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Author Notes:

Jaimie L. Gradus, Department of Epidemiology, Boston University School of Public Health, Boston, Massachusetts, USA. Email: jgradus@bu.edu

Subject:

Research Funding:

This work was supported by a grant from the National Institute of Mental Health (R01MH110453; PI: Jamie L. Gradus)

Keywords:

  • Social Sciences
  • Science & Technology
  • Life Sciences & Biomedicine
  • Psychology, Clinical
  • Psychiatry
  • Psychology
  • POSTTRAUMATIC-STRESS-DISORDER
  • PSYCHIATRIC-DISORDERS
  • COMORBIDITY
  • EXPOSURE
  • PTSD
  • VICTIMIZATION
  • EPIDEMIOLOGY
  • VALIDATION
  • DIAGNOSES
  • SYSTEM

Using Danish national registry data to understand psychopathology following potentially traumatic experiences

Tools:

Journal Title:

JOURNAL OF TRAUMATIC STRESS

Volume:

Volume 35, Number 2

Publisher:

, Pages 619-630

Type of Work:

Article | Post-print: After Peer Review

Abstract:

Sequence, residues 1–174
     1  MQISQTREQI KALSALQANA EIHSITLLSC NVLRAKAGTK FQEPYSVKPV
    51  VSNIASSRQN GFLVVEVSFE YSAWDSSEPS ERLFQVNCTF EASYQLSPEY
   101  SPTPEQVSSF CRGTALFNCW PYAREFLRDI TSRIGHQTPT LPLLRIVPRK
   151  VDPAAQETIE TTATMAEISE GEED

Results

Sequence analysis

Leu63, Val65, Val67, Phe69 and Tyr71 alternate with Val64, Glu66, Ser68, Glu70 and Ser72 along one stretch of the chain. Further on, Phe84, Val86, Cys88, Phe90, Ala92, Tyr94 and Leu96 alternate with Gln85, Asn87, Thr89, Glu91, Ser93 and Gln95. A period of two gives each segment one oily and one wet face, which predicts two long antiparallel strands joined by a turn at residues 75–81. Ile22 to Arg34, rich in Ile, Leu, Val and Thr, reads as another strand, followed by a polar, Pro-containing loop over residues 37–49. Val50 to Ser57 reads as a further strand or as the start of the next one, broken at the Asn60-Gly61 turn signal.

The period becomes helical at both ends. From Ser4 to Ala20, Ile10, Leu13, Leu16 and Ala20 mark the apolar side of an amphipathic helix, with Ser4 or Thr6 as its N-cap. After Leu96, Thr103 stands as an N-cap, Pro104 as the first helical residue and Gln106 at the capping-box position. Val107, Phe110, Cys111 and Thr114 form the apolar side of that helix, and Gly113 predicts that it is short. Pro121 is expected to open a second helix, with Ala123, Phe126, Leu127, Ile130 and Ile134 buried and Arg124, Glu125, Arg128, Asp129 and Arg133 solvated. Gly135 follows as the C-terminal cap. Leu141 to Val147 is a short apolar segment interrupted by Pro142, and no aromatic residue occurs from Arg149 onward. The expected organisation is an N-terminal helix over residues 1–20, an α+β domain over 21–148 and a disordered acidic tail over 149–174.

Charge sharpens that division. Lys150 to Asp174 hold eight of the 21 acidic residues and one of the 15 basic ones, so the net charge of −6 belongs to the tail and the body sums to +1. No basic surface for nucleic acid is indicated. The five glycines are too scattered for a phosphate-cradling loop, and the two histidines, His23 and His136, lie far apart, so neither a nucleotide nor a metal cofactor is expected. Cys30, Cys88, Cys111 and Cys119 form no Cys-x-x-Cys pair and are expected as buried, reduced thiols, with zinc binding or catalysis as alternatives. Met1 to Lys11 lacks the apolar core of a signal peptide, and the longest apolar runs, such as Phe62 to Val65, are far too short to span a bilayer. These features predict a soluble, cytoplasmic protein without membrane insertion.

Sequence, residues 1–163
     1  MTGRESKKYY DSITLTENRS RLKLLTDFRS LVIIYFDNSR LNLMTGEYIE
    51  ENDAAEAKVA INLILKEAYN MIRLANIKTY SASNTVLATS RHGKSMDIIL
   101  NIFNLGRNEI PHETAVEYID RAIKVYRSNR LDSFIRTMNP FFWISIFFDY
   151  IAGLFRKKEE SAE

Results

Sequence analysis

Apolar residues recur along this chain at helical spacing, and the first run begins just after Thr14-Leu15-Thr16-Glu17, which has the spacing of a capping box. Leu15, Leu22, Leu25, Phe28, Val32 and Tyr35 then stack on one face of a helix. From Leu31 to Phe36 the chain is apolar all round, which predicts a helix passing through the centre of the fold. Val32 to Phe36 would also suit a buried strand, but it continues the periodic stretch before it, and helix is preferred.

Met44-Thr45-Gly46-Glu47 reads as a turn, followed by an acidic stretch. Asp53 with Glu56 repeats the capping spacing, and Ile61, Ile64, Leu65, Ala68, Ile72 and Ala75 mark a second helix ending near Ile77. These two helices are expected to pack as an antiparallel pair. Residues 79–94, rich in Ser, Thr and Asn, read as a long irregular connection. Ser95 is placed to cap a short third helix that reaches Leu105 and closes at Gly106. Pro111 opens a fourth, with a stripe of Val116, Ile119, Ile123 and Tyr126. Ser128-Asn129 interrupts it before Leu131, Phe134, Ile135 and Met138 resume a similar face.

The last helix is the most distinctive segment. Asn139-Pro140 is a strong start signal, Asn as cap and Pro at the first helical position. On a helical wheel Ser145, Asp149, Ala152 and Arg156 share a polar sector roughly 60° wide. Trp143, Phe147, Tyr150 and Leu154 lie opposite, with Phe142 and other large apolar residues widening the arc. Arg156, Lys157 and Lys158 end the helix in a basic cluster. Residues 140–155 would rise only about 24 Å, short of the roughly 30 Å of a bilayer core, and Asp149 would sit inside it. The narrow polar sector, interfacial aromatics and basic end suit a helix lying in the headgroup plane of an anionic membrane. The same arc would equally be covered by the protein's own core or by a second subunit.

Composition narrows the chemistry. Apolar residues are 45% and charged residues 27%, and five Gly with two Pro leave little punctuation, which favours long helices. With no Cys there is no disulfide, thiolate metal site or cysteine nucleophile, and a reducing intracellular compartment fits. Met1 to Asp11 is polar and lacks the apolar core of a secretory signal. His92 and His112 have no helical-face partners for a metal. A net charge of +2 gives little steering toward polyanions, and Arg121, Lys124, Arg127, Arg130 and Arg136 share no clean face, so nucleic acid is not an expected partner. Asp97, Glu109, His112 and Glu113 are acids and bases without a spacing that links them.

Research on posttraumatic psychopathology has focused primarily on posttraumatic stress disorder (PTSD); other posttraumatic psychiatric diagnoses are less well documented. The present study aimed to (a) develop a methodology to derive a cohort of individuals who experienced potentially traumatic events (PTEs) from registry-based data and (b) examine the risk of psychopathology within 5 years of experiencing a PTE. Using data from Danish national registries, we created a cohort of individuals with no age restrictions (range: 0–108 years) who experienced at least one of eight possible PTEs between 1994 and 2016 (N = 1,406,637). We calculated the 5-year incidence of nine categories of ICD-10 psychiatric disorders among this cohort and examined standardized morbidity ratios (SMRs) comparing the incidence of psychopathology in this group to the incidence in a nontraumatic stressor cohort (i.e., nonsuicide death of a relative; n = 423,270). Stress disorders (2.5%), substance use disorders (4.1%), and depressive disorders (3.0%) were the most common diagnoses following PTEs. Overall, the SMRs for the associations between any PTE and psychopathology varied from 1.9, 95% CI [1.9, 2.0], for stress disorders to 5.2, 95% CI [5.1. 5.3], for personality disorders. All PTEs except pregnancy-related trauma were associated with all forms of psychopathology. Associations were consistent regardless of whether a stress disorder was present. Traumatic experiences have a broad impact on psychiatric health. The present findings demonstrate one approach to capturing trauma exposure in medical record registry data. Increased traumatic experience characterization across studies will help improve the field's understanding of posttraumatic psychopathology.
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